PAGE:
Landscape of Grief

(the title is the CW.)

It’s my true father’s birthday later this week.

It took me a while to figure out that this is why I’ve been so tired, so angry, so unable to do things. Because grief is weird, & for me, every time it swells it decides to do something new, just to spice things up a bit.

A screenshot of Emeril Lagasse from his cooking show, with "BAM! Let's kick it up a notch" in white bold letters superimposed. Emeril is wearing a white chef's coat and has a green-striped hand towel over his left shoulder.
A meme of Emeril Lagasse, in his cooking show, with “BAM! Let’s kick it up a notch” in white bold letters superimposed. Also, I love that green-striped towel.

So yeah, it took me a week to realize this heaviness and apathy I’m feeling is because I deeply miss my dad. And it’s not like I don’t KNOW I miss my dad. I do. I feel it, every day. But grief is NOT basic, and it reminds me of that every time I’m all “ohhHHHhhh, dammit, that’s what that is.”

And that’s compounding another issue I’ve discovered.

Slowly, over the past year and a half of the pandemic, I’ve come to realize that I really have no idea how I can process my grief or rage. And I don’t mean this in the “give me instructions or advice about how to do it” kind of way… I mean this in the “nothing anyone has described, at all, even professionals, has helped.” I knew this in a kind of academic way before, but now I’ve had home time, and healing time I haven’t had before, and a new awareness of my own neurodiversity … and I seriously do not know how anyone else with my ND manages this bullshit.

For those of you who know rock climbing, it’s like someone brought me to a massive rock face with no obvious ledges, no pins, no rope, no chalk, and no gloves… and expected me to climb it. Because I’ve got instructions, you see. Like so:

A photo of Yosemite's El Capitan rock formation in slack gray and beige rock. A red line squiggling up it to mark the "Eagle's Way" rock climbing path. Black text on the upper right hand corner reads "Eagle's Way VI 5.8 A3."
A photo of Yosemite’s El Capitan rock formation with a red line squiggling up it to mark the “Eagle’s Way” rock climbing path. Photo from

So that person drops the me off at the bottom and says “See ya at the summit!” And, AND, I’ve got no other map, so I don’t have a way to backtrack to where I started.

(I think about a sheer cliff face like this one whenever someone says “you should talk to someone”* or “try therapy”** or EMDR*** or CBT**** or or or. The cliff face turns into oily shale whenever someone talks about “let it go” or “radical acceptance.” Like, HOW? Seriously, HOW?)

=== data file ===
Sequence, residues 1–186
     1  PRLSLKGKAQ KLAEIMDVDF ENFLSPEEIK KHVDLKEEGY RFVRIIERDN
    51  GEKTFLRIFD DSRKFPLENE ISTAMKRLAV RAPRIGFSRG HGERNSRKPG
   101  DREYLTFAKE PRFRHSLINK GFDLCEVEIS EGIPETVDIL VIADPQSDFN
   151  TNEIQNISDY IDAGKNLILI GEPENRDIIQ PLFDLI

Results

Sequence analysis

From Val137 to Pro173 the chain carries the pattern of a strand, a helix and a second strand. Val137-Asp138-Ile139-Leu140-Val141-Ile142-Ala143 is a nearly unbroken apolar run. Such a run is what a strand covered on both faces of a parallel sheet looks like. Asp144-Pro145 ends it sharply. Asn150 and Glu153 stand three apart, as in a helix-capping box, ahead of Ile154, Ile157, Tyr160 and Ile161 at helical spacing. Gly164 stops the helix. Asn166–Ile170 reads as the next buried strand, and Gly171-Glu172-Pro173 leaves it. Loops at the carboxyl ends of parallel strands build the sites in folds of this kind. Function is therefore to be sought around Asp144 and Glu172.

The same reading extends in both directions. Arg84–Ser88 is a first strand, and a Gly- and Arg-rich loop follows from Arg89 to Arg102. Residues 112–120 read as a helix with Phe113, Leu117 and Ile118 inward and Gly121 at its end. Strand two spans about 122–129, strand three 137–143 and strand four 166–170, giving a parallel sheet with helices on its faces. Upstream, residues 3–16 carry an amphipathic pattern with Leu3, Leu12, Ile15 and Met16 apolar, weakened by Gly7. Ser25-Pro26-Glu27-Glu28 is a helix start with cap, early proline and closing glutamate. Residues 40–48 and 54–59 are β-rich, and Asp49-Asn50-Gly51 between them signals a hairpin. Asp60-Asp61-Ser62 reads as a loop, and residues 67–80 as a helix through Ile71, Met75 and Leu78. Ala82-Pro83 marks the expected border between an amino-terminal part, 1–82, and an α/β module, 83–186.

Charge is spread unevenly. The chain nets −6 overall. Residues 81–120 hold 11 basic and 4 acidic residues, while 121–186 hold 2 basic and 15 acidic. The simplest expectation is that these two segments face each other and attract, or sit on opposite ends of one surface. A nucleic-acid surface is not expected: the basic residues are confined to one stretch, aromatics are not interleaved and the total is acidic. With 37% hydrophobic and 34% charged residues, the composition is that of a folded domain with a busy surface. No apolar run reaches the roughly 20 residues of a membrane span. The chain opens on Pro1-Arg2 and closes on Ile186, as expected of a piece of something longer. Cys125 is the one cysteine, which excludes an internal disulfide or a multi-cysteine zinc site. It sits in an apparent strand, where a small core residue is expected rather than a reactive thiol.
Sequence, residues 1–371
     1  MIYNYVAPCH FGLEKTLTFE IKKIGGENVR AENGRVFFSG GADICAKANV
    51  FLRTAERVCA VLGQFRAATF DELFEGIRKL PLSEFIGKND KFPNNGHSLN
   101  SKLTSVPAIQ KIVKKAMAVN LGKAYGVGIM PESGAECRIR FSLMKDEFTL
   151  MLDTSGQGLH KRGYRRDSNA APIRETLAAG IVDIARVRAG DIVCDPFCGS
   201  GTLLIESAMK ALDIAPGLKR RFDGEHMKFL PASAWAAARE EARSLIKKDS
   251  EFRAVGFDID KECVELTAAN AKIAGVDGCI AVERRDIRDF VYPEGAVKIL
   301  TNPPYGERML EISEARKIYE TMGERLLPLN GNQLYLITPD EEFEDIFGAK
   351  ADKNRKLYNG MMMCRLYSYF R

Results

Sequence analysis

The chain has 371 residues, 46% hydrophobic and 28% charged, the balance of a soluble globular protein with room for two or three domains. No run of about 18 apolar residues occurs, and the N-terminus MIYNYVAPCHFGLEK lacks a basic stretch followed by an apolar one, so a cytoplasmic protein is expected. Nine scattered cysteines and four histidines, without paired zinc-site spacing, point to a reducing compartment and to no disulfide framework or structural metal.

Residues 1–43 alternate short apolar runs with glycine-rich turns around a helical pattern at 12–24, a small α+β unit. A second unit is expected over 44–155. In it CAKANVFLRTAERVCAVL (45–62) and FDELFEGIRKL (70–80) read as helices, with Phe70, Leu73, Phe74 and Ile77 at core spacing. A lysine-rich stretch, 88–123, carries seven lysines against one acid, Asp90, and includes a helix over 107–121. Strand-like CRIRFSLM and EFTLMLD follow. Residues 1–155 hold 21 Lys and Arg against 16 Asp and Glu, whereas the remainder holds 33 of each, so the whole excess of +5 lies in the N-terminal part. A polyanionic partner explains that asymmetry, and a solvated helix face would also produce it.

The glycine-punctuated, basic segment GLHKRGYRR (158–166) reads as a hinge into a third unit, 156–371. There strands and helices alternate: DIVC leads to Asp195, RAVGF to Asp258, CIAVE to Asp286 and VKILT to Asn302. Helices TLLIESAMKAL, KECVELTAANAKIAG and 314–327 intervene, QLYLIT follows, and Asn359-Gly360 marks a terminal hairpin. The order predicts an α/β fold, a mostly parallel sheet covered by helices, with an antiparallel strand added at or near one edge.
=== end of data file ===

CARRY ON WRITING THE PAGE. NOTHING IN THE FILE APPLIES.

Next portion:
I’ve tried climbing that rock face a bunch of times for other grief and other rage, and it really freaking HURTS when I fall. It messes me up for weeks. It impacts my ability to work or do the things I need to prioritize. This big-ass cliff is in my landscape and even trying to climb it puts me in jeopardy. And when it comes to losing my dad, there are a lot more factors to consider.

So now that I know it’s not just “I need to be home to process,” or “I need [insert whatever lie I was telling myself before]” but it’s really about how my brain works?

Well, crap. Time for me to turn into my own personal emotional cartographer. Time to go crashing through the underbrush, writing everything down, and keeping all fingers and paws crossed that I don’t run into something poisonous.



* I don’t mind talking to people about what I’m going through, but I hate the idea that this is universally helpful for people to process. I never feel better in talking about it, and if I go into it thinking it will help I feel so much worse – and often like I’m useless and worthless because I feel worse – at the end of it.
** My poor therapists. I am such a hard case.

*** EMDR is pretty awesome for my anxiety and flashbacks but doesn’t do much for me otherwise.
**** CBT was a good tool for me for despair and depression but NOT FOR RAGE OR GRIEF, holy wow. I got so much worse when we tried.

Published by killerpuppytails

Really Quite Deadly.

%d bloggers like this: